Gen. Alexander Can’t Access Daughters' Emails, Says NSA Only Interested in Terrorists

Thursday, August 01, 2013

Joe Franscella


Las Vegas - Black Hat 2013 – On Wednesday, National Security Agency (NSA) Director General Keith Alexander informed a rather tame crowd (with the exception of one or two hecklers) that his agency isn’t interested in phone or other digital communications unless they impact foreign intelligence gathering or involve known or suspected terrorists. He emphasized that congressional oversight, court rulings and regulations stop even him – a four-star general – from reading average Americans’ emails or listening in on phone calls. “I have four daughters, can I go and intercept their emails … no,” quipped the general to a chuckling crowd which applauded his organization’s activities at the end of his presentation.

As part of his opening-day keynote, he emphasized that over the past couple of years legal mandates giving his organization the authority to intercept and review communications have stopped upwards of 57 planned terrorist activities against the US and its allies. In all cases, operatives involved handled intelligence gathering under strict oversight, which includes a lengthy audit trail and multiple “permission” layers, said the NSA’s head.

He further justified the NSA’s digital intelligence gathering through a slide deck showing that since 2012, the NSA has only focused on 500 telephone numbers and calls that it believes were/are linked to threats against the US.

“We don’t go after everything,” said Alexander. “We just want to find the terrorists among us.”

Not more than two in the standing-room-only audience of more than 3,000 attendees heckled and jeered the general with challenges to NSA programs they described as “Bullshit.”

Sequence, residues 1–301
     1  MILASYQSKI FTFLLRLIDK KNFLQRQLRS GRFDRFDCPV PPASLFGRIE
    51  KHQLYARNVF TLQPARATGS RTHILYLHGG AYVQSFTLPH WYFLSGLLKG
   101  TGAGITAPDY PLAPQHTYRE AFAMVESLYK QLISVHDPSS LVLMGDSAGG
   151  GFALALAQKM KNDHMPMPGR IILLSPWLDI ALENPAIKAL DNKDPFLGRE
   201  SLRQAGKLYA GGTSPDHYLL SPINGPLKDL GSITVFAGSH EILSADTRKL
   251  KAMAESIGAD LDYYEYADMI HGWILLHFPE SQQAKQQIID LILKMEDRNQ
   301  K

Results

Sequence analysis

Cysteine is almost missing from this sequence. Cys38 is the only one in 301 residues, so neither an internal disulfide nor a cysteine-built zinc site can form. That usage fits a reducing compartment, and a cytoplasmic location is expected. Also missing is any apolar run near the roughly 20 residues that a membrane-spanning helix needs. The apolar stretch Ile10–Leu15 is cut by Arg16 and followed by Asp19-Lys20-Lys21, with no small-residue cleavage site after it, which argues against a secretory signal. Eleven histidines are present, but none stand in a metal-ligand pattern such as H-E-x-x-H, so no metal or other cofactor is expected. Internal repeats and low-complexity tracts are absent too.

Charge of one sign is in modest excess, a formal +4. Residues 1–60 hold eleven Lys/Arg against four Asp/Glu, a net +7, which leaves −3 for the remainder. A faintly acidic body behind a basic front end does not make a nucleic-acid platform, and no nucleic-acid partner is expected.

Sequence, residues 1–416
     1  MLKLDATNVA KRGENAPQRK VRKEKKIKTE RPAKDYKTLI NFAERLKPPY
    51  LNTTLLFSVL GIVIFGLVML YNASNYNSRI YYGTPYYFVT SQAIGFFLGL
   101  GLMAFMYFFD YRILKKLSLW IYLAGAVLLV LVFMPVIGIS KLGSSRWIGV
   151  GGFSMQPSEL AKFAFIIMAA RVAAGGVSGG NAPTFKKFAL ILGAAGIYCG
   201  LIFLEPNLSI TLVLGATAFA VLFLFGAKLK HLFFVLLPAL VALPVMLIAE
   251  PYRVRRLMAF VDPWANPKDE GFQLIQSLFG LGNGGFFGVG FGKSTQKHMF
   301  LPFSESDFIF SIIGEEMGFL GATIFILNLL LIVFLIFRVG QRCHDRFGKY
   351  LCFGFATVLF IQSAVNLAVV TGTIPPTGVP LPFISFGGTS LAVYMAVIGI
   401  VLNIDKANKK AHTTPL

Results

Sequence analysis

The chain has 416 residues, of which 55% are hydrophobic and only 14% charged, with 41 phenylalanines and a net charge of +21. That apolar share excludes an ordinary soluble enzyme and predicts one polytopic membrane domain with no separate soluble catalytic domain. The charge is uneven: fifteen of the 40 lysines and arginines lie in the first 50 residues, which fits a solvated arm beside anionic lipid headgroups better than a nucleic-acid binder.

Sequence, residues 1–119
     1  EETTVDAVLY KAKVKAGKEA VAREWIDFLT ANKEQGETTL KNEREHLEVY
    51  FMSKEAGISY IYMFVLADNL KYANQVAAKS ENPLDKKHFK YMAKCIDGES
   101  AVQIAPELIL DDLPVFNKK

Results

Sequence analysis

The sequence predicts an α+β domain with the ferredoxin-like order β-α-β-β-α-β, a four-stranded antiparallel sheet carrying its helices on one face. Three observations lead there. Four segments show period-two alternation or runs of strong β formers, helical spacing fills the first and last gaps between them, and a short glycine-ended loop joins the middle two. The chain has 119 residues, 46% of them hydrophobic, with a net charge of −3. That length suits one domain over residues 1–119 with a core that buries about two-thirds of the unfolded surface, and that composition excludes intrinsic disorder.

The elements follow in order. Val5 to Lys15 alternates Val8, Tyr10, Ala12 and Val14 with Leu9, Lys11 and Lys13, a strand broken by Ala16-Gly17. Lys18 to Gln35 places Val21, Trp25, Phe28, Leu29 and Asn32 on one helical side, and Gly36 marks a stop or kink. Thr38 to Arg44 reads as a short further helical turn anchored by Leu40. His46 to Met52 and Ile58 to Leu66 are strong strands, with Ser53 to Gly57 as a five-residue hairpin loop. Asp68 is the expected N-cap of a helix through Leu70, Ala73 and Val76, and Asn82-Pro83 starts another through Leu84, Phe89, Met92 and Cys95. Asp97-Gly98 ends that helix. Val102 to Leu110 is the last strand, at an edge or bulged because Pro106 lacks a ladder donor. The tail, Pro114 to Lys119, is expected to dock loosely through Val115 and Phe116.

“Read the Constitution,” exclaimed one of the hecklers.

“I have, you should too,” responded the general.

A day after Alexander told the Black Hat audience that the NSA isn’t interested in the day-to-day digital activities of Americans, The Atlantic Wire broke a story about a husband and wife whose home was raided by a gun-wielding anti-terrorism task force after each had searched “backpacks” and “pressure cookers” on Google. Although the article did make it clear that there are specific boundaries the NSA says it must operate within, it was not clear how or why the task force received information about the couple. You can read the article here.

Joe Franscella’s (@joefranscella) articles typically include Twitter account links, however, neither General Alexander nor the NSA have official Twitter accounts.

Related ReadingNSA Director's Black Hat Talk Draws Mixed Reviews (SecurityWeek)

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